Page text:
Massachusetts Daily Collegian

In-depth Q&A with second district candidates for Amherst Town Council

Four candidates face off for two seats

Courtesy of Amherst Town Council

Courtesy of Amherst Town Council

By Kathrine Esten, Assistant News Editor

Hang on for a minute...we're trying to find some more stories you might like.


Email This Story






Following the Amherst Sept. 4 preliminary election, four candidates are in the running for the two second district council seats in what will be the inaugural Town Council. The candidates are presented in order of placement in the preliminary election. Some responses have been condensed for publication.

Lynn Griesemer, Amherst Survival Center board president, former Town Meeting member, former UMass associate vice president for economic development

Motivation in running for office: “This is a major transition for our town, and I want to help it go well: listening to many viewpoints, finding common ground and moving forward. We’ll only have one chance for a good start…I want to apply my experience in economic development to broaden the tax base and provide relief to homeowners.”

Three agenda priorities:

  • Working to make the transition to the new form of government successful and constructive.
  • Broadening the local tax base through creative economic development that respects our small-town character.
  • Providing sound stewardship for public facilities, including the elementary schools, fire and DPW facilities and the library.

Griesemer, a 30-year Amherst resident, received 855 votes in the preliminary election.

This will be Amherst’s first town council. How do you envision the town council operating in the town, and what will you do to create this vision?

“I have no illusions about the challenges this first group of Councilors will face. But I love a challenge, especially in a good cause.  And being part of a successful transition for our town is a very good cause. The issues we face are not easy, and will require careful discussion, creative thinking and principled compromise. This is how I’ve approached things my whole life, and I hope to bring that attitude and experience as a member of the new Council.”

What is the biggest issue facing the Town of Amherst right now?

“Meeting the high expectations of citizens for excellent public schools and services while keeping residential property taxes under control.”

What role do you feel local colleges and universities should play in town decisions?

“The University and the colleges are key to our identity and vitality. We’ve been very effective over the years in maintaining strong cooperative relationships, especially in areas such as economic development and energy and water conservation. I want to build on those relationships and look for opportunities for the town and the campuses to succeed together.”

As a town council member, how would you balance the concerns of students with the concerns of permanent town residents?

“Many of my district’s residents are students, so they are part of the constituency I aim to serve. My experience has been very positive, and I believe we can continue to find common ground through regular communication and sharing of perspectives.”

Patricia De Angelis, Town Meeting member and community volunteer

Motivation in running for office: “Amherst is a diverse community….I believe in creating spaces, both physical and emotional, where all voices can be heard. The idea of an Amherst that celebrates diversity, is just and challenges itself to build sustainably is what motivates me to run for office.”

Three agenda priorities:

  • “Develop solid council policies and procedures. I will work to see that these include development of committees and work groups that include a significant number of residents not often heard from and residents who stand to be impacted by council decisions.”
  • “Revisit/revise the master plan to aid us in making development decisions that are sustainable into the future. The plan should provide a framework for assessing capital project plans and clarify what we mean by “mixed-use” buildings and sustainable/green development, holding ourselves and developers to those definitions.”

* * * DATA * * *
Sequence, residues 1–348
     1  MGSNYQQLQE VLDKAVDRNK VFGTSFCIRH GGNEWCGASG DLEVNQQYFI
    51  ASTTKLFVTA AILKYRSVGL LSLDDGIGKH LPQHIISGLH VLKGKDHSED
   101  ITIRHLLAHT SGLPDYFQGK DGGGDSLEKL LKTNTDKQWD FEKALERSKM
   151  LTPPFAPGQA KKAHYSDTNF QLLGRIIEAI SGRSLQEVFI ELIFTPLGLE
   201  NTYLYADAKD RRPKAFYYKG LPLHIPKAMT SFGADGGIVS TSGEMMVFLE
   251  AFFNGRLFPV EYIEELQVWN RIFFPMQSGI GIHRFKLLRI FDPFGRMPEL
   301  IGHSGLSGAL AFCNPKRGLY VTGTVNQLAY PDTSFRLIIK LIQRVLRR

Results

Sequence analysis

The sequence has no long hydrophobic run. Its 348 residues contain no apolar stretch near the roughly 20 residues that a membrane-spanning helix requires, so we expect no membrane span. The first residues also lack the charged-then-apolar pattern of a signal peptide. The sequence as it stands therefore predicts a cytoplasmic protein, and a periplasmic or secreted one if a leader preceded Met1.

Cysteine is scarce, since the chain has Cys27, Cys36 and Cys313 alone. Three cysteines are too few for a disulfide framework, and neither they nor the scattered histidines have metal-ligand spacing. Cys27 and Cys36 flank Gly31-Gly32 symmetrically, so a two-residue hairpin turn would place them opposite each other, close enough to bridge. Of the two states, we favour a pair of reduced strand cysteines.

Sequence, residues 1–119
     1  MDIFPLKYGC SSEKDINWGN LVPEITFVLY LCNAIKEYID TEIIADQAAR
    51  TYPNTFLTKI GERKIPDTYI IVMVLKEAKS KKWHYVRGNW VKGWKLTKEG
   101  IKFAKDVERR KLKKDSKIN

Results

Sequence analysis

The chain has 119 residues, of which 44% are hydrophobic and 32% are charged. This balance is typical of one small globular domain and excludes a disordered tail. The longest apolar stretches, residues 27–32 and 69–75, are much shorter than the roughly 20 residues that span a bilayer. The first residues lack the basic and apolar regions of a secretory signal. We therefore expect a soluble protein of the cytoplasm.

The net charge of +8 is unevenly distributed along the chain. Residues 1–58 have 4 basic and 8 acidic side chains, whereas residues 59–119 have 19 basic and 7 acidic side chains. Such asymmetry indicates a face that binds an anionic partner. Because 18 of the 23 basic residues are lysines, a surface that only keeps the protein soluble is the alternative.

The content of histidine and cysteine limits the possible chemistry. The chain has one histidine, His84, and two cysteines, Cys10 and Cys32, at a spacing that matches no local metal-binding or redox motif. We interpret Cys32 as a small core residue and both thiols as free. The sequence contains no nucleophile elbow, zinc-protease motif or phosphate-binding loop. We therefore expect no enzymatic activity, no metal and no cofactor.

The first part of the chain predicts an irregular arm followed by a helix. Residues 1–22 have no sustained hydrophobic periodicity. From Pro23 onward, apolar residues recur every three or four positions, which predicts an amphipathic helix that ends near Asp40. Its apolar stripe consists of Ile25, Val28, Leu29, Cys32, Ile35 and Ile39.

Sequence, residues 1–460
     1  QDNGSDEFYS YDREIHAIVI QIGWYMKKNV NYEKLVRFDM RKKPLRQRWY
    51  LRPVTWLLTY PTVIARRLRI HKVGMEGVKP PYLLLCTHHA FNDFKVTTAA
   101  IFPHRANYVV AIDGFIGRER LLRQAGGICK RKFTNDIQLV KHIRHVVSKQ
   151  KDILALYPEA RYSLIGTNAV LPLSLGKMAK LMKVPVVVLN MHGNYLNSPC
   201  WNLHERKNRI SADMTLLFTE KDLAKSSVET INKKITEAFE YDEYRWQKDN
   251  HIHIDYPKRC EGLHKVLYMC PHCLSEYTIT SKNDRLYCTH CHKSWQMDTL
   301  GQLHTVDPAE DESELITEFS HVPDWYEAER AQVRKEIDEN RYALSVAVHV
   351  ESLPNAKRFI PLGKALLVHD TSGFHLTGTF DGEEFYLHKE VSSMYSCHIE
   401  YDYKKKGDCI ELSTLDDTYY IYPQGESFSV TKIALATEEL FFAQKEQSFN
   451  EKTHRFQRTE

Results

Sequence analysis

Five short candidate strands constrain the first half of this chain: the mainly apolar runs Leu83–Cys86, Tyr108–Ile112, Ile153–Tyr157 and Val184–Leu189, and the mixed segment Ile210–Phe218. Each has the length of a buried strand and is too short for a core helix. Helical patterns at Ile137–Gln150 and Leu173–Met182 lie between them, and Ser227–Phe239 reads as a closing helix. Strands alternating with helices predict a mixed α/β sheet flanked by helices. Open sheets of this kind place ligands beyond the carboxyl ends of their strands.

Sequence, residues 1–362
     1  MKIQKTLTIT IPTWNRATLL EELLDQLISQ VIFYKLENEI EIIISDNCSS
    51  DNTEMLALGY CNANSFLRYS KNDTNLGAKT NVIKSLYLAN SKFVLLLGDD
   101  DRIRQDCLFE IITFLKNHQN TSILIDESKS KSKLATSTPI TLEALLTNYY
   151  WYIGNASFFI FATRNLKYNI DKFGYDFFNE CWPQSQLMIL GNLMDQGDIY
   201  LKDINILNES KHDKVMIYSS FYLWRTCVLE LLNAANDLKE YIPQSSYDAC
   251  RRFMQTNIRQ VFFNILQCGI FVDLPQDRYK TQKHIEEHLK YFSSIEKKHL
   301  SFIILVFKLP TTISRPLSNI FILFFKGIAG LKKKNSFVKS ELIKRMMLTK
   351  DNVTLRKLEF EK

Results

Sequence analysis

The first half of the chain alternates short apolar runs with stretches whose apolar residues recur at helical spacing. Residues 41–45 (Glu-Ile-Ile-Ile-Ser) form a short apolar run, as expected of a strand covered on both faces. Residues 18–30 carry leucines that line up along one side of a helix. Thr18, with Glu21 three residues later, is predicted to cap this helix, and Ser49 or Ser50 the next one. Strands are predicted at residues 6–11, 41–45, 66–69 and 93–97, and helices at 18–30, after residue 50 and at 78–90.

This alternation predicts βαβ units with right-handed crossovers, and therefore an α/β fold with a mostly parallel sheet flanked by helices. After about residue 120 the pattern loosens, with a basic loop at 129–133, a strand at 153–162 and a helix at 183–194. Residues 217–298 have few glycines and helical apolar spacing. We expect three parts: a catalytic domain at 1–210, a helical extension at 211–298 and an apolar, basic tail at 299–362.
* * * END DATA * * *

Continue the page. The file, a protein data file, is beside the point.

• “Work to ensure physically and emotionally healthy environments for our students, our elders, young families and those among us most at risk of homelessness or oppression.”

De Angelis, a 25-year resident of Amherst, received 572 votes in the preliminary election.

This will be Amherst’s first town council. How do you envision the town council operating in the town, and what will you do to create this vision?

“The council will be the governing body in our community; charged with responding to citizen concerns and ideas by doing the work of considering multiple aspects as we look at economic and development issues, create policies and practices that foster sustainability and find ways to address and balance issues of economic, environmental and social justice….I plan to work with all council members to create policies and procedures that will enable us to function effectively. To do this, we need to utilize the ideas of newcomers and the experiences of current board and committee members as we take on the responsibilities involved in governing.”

What is the biggest issue facing the Town of Amherst right now?

“Finding ways to fund capital projects: the rebuilding and renovating of our elementary schools and our libraries, renovating the DPW building and the North Pleasant Fire Station so it can accommodate modern trucks. Additionally we need a fire response capability in South Amherst. Using our reserve and stabilization funds is one way to fund the beginning of these projects, but we need to apply for federal and state grants, and to have Amherst College and UMass contribute monies to help support these projects.”

What role do you feel local colleges and universities should play in town decisions?

“The town’s relationship with Hampshire College, Amherst College and UMass is a symbiotic one, which offers wonderful benefits but also creates challenges. For example, UMass houses barely over 50 percent of its undergraduates and graduate students. Consequently, the need for student housing has impacted our community, driving up home prices, limiting affordability and taxing town services and institutions. College students support local businesses, participate in town events and forums, volunteer in our schools, at the Amherst Survival Center, at Not Bread Alone, and in many other ways that help our community thrive. We need each other. The colleges and University already have a voice in town decisions, often driving development and affecting taxes and other economic issues. I would like to see them take on a share of our tax burden and costs.”

As a town council member, how would you balance the concerns of students with the concerns of permanent town residents?